From fabrication to aviation, technical education is on the rise
Story by Drew Myron
With a careful eye, Clinton Child sizes up a handrail that will line a flight of stairs.
From his shop in Parkdale, he measures, calculates, designs, mocks, tacks, welds, sands, refines and, finally, installs. Metal fabrication is precise and painstaking work, and he is patient enough to make it work.
You may not know his name, but you’ve likely seen his work all around town: from seating at Solstice Pizza to conveyor belts at Hood River Cherry Co., deck rails on homes and repairs on agriculture equipment.
“The local community is keeping me busy,” says Clinton, who works seven days a week to keep up with demand. “I’m really grateful for that.”
Last year, when his wife, Shanna, was six months’ pregnant with their second child, the couple took a leap of faith and launched their own business, Parkdale Metalworks.
“I’ve always been building stuff,” says Clinton, the son of a carpenter. “Since I was little, we were always tinkering. It just came natural.”
When he was a student at Hood River Valley High School, Clinton’s natural talent was reinforced by an internship with the late Rodger Schock, an esteemed metal fabricator and owner of Schock Welding in Odell. Fortified with skills and experience, Clinton went onto launch a career in manufacturing.
In many ways, there is a need for more Clintons—and area leaders are working to make it happen.
Thanks to an influx of state and federal funding, Hood River Valley High School is beefing up its career technical education program. Columbia Gorge Community College is building a $14.6 million workforce skills center on its campus in The Dalles. The aim is to engage and equip students throughout the region with tangible skills that will fill high- demand, solid-wage jobs.
Yesteryear’s vocational-technical program is today’s expanded and refined career technical education. Instead of a single-focused woodworking class or auto mechanics course, CTE works to prepare high school students for next-step education that includes internships, industry partnerships and practical links between technical fields and the traditional academic subjects of history, science and math.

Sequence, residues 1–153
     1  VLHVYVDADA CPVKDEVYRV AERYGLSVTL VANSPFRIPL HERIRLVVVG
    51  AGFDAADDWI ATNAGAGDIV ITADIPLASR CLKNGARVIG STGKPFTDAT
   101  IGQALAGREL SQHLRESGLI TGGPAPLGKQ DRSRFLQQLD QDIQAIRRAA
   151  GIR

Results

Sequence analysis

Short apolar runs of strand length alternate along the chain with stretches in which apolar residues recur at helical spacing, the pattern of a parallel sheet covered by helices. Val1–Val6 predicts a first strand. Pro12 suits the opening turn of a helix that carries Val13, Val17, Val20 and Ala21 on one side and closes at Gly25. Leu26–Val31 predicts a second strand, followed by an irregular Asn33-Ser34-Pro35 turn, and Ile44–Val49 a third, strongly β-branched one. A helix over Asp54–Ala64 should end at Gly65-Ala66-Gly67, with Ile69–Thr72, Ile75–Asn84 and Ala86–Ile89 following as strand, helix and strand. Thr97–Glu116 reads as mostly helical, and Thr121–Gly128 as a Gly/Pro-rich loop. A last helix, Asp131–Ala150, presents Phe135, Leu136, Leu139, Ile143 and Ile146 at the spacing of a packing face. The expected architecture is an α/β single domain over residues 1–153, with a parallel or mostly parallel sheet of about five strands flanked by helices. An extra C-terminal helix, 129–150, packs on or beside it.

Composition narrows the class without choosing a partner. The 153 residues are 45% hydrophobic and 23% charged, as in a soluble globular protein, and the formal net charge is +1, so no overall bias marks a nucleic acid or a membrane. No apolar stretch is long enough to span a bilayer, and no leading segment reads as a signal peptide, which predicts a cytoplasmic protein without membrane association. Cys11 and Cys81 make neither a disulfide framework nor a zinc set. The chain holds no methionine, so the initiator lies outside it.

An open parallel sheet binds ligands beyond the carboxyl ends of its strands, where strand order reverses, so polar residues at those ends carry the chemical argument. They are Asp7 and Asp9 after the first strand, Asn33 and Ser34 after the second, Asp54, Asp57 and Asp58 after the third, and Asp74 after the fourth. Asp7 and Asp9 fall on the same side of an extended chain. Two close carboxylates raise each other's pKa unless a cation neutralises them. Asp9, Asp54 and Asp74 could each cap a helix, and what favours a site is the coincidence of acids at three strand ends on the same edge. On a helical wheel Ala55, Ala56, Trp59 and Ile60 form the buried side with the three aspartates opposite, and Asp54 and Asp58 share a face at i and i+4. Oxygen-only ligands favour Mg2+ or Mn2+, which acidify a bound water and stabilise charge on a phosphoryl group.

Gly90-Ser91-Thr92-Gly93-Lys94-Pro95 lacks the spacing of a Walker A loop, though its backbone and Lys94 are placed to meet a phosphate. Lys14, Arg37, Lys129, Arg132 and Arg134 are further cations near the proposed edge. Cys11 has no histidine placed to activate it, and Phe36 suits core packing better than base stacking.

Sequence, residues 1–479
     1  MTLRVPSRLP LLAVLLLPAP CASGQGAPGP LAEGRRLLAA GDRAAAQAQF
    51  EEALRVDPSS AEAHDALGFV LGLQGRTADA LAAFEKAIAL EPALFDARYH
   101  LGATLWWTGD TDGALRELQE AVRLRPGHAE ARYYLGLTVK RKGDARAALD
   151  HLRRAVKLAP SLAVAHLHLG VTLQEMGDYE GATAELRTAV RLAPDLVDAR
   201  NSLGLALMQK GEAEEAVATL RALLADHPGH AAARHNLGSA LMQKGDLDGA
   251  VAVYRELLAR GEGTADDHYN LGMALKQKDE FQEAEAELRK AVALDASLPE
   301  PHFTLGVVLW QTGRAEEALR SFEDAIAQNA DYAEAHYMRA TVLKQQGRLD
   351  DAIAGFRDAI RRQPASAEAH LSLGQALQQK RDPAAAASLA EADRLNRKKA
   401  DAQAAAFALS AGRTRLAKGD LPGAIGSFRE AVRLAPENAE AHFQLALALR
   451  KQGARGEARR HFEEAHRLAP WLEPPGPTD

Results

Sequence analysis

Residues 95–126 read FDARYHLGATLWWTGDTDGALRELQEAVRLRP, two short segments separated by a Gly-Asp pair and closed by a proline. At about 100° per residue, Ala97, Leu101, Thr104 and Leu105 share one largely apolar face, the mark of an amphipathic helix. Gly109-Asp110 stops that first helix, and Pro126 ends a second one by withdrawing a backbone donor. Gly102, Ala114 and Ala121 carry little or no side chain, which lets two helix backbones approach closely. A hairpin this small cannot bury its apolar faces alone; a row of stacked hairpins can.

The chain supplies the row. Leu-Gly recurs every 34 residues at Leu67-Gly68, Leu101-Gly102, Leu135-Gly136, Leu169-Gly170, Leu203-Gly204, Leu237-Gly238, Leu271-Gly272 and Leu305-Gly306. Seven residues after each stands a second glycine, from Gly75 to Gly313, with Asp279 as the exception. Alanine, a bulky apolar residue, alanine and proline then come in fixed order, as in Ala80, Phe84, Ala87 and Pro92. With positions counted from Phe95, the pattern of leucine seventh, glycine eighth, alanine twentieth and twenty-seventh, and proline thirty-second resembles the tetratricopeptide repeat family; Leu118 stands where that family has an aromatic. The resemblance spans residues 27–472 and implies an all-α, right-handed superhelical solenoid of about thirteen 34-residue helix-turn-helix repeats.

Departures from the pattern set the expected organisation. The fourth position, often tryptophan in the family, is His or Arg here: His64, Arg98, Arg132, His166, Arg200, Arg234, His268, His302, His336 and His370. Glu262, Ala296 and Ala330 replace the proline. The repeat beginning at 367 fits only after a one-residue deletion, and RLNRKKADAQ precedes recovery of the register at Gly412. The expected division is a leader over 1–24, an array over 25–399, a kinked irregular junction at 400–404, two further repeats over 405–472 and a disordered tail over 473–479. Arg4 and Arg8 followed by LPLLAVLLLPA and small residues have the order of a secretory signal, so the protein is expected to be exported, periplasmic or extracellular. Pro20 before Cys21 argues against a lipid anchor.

Hood River Valley High School offers five CTE programs with courses in agricultural science and technology, mechanics/ construction, power and technology, welding and fabrication, and carpentry.
The school has partnered with local manufacturers, such as Cardinal Glass and Insitu, to provide practical links to professional careers.
“We’re excited to share with students opportunities right here in their backyard,” says Kate Wurster, career technical education program coordinator at the high school. “It’s important to expose students to options.”
On the Columbia Gorge Community College campus in The Dalles, technical education is reaching a new high. In June, crews will break ground for the Treaty Oak Regional Skills Center, an expansive facility designed to provide students with hands-on training in a host of technical professions, including construction trades, metals fabrication and aviation maintenance.
The $14.6 million project includes student housing and is funded by the Oregon Legislature, with additional funds from the city of The Dalles, Wasco County and Port of The Dalles. The center is scheduled to open next summer.
The college’s renewable energy technology has expanded into electro-mechanical technology—a degreed program that prepares students to work with automated electronic technologies in a variety of industries, including renewable energy, advanced manufacturing, unmanned aircraft systems and engineering.
Along with manufacturing and welding, construction trades is a new program that introduces the fundamentals of house building—including wiring and plumbing—with apprenticeship opportunities.
Plans are in the works for an aviation technology program.
This type of career education is critical, says Robert Clark, who teaches at Columbia Gorge Community College.
“Manufacturing is the No. 4 industry in the greater Central Oregon region,” he says. “There is currently great need for people to go into the field. Finding midlevel workers has always been hard as they cluster toward the top—engineering—and the bottom—laborers. We see lots of workers produced that have skills, but not the ability to fill the role of the jobs on the market.
“Many of the industry folks that I have talked with have stated that they don’t have too much problem finding someone who can operate a welder, or that they feel confident that they can train a welder, but that they cannot find or do not have the time to train a worker to fabricate, fit up parts, work the types of manufacturing equipment they are using or have the integrated math skills needed to complete the tasks. To me, that is where the skills gap is currently.”
With his new business, Clinton is filling the gap and working hard to keep up with demand.
“Actually,” he says, “I’ve been busier than I thought I’d be.”